Lesson 1 of 5
In Progress

Summary of Joel


Much of the book of Joel concerns a terrible locust plague that causes starvation for animals and humans. Joel takes this as a sign that people should lament and repent. God responds positively beginning in 2:18. After 2:29, the book moves from historical events to conjecture about the end-time (the Day of the Lord) when the world will be changed and when strange and frightening signs will appear (2:30-32). In the new age, all people will prophesy (2:28-29). This section of Joel is quoted in the account of the Pentecost experience in Acts 2:17-21.


If not for the use of Joel 2:28-29 by Acts, we probably would not pay much attention to Joel. But, as is true of other prophets, Joel does remind us of a number of important points. God is at work in the world, there are consequences to human behavior, lament and repentance are appropriate responses to disaster, and hope is always the last word. Joel also is important for giving us a glimpse of early end-time speculation that will be expanded further in other biblical books.


Joel is the twenty-ninth book of the Bible; it is the second of the twelve books of “minor prophets” (shorter prophets) that close the Old Testament. Joel lies between Hosea and Amos, a placement that shows clearly that the order of the twelve prophets is not chronological.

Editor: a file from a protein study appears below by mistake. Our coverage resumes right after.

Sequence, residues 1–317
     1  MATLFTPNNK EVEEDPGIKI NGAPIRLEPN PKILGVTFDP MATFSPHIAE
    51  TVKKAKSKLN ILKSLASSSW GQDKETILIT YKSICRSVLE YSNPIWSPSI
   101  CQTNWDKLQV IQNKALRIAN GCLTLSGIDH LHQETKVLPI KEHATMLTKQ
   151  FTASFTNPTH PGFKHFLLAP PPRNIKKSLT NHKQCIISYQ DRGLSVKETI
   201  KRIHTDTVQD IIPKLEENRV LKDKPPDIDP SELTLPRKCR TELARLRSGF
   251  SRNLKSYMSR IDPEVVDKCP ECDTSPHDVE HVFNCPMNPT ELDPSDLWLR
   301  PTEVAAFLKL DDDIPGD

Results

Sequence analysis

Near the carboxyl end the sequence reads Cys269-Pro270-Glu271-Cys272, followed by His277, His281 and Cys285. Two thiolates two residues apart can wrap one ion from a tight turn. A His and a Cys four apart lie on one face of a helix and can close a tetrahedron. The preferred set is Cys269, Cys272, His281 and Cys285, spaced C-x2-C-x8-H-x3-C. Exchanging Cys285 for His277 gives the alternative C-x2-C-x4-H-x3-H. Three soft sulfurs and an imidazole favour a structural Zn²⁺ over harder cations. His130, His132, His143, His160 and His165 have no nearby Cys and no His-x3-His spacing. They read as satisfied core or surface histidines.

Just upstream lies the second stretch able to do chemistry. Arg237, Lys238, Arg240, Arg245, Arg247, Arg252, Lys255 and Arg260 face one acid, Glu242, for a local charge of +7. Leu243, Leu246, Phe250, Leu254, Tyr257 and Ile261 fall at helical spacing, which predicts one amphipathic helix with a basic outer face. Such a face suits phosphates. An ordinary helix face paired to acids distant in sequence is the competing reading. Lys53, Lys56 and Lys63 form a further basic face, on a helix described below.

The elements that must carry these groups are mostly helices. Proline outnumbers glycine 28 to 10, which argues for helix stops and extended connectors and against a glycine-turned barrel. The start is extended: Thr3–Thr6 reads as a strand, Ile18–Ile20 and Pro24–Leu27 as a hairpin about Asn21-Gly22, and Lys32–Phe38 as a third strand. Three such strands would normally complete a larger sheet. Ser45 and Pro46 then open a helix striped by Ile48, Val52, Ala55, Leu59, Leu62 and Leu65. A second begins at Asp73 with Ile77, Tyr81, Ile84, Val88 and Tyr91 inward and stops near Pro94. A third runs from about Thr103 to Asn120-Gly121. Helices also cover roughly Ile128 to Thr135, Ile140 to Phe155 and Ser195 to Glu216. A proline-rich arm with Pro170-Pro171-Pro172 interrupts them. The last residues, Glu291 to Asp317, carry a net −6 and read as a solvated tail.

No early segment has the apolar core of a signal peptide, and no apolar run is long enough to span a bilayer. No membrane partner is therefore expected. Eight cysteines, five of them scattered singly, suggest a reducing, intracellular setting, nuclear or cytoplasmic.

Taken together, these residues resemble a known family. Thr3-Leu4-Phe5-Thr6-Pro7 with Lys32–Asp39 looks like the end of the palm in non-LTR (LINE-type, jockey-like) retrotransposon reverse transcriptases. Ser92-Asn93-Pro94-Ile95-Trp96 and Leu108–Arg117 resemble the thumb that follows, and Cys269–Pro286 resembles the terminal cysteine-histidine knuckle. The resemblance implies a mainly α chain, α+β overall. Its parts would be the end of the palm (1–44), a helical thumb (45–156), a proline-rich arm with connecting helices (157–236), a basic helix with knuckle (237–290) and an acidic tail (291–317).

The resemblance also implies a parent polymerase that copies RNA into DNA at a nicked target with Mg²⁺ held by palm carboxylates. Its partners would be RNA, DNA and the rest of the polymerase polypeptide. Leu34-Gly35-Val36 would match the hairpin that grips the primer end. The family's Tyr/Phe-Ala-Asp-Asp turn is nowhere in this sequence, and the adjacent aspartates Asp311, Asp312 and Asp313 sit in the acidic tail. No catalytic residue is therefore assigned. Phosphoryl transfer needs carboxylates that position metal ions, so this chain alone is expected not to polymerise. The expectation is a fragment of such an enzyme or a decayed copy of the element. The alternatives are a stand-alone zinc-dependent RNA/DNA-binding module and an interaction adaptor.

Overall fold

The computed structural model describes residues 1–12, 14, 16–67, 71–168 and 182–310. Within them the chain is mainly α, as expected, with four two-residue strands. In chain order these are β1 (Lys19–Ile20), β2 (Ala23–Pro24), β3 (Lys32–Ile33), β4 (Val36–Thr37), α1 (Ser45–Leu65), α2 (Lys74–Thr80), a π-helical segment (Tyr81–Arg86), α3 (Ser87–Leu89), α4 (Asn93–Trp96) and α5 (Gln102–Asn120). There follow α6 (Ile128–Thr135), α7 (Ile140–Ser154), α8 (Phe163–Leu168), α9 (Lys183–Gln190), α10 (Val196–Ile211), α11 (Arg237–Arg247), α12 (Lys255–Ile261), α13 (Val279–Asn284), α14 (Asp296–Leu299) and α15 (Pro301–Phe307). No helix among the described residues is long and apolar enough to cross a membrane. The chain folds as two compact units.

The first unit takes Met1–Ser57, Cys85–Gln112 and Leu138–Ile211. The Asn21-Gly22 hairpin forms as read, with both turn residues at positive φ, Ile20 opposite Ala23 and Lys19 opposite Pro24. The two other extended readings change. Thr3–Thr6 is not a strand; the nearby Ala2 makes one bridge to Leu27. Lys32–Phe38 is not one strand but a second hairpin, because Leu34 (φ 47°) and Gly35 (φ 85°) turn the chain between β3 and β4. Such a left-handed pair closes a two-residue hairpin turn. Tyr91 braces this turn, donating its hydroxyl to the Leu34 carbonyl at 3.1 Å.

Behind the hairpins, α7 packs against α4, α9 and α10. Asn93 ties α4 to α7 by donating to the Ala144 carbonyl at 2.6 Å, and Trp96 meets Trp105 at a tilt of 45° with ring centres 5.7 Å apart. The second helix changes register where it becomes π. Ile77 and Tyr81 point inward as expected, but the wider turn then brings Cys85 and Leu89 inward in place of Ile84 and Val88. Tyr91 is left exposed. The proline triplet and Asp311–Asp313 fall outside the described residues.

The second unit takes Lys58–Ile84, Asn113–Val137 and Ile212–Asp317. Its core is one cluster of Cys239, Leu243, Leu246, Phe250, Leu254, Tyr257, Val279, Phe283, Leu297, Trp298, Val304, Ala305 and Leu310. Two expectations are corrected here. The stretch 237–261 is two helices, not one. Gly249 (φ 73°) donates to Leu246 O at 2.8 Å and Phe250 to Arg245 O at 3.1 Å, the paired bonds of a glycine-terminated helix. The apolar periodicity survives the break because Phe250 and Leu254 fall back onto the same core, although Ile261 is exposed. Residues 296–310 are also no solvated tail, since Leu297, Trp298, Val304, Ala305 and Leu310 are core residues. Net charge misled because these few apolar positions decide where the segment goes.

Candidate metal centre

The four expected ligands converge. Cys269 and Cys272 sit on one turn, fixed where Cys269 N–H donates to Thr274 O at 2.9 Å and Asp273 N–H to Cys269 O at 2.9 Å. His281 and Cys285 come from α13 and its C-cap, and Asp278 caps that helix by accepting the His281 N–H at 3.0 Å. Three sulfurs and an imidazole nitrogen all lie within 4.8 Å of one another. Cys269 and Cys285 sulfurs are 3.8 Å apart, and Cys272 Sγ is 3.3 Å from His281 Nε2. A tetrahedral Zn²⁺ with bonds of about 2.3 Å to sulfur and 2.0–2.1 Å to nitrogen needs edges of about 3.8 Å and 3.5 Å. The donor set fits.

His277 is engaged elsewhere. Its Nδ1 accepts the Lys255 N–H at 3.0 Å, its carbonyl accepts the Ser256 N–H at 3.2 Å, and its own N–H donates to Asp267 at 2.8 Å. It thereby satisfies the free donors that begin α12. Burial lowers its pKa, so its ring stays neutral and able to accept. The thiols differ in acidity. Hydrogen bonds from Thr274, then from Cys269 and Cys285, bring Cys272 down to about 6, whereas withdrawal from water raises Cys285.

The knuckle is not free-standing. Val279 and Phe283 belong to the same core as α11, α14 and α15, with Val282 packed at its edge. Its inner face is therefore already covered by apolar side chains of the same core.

The only information that is known about Joel is that his father was named Pethuel (Joel 1:1), but we do not know who Pethuel is either. There are a dozen persons named Joel in the Old Testament, and none seems to be the one who is responsible for this book. His hometown is not identified, nor his occupation, nor who was ruling the country during his ministry. The first verse of the book does make clear that he is a prophet to whom the word of the Lord came.


Joel probably lived during the Persian period of Old Testament history (539-331 B.C.E.) During that time, the Persians allowed some of the Jews to return to Jerusalem and the temple was eventually rebuilt. Joel was familiar with the temple, so he must be dated after its restoration. He knows earlier prophets. No kings of Judah are mentioned (there were none after the defeat by Babylon in 586 B.C.E.). All this points to a period between 400 and 350 B.C.E.


Joel calls the people to recognize a locust plague as a sign from God that they should repent, and then goes on to envision a final judgment when God will punish evil nations and vindicate Israel.


Since Joel is a short book, one should simply read it straight through, paying special attention to the transitions in 2:18 and 2:28. God responds favorably in 2:18 after laments and rituals of repentance. The move from historical events to end-time speculation begins in 2:28.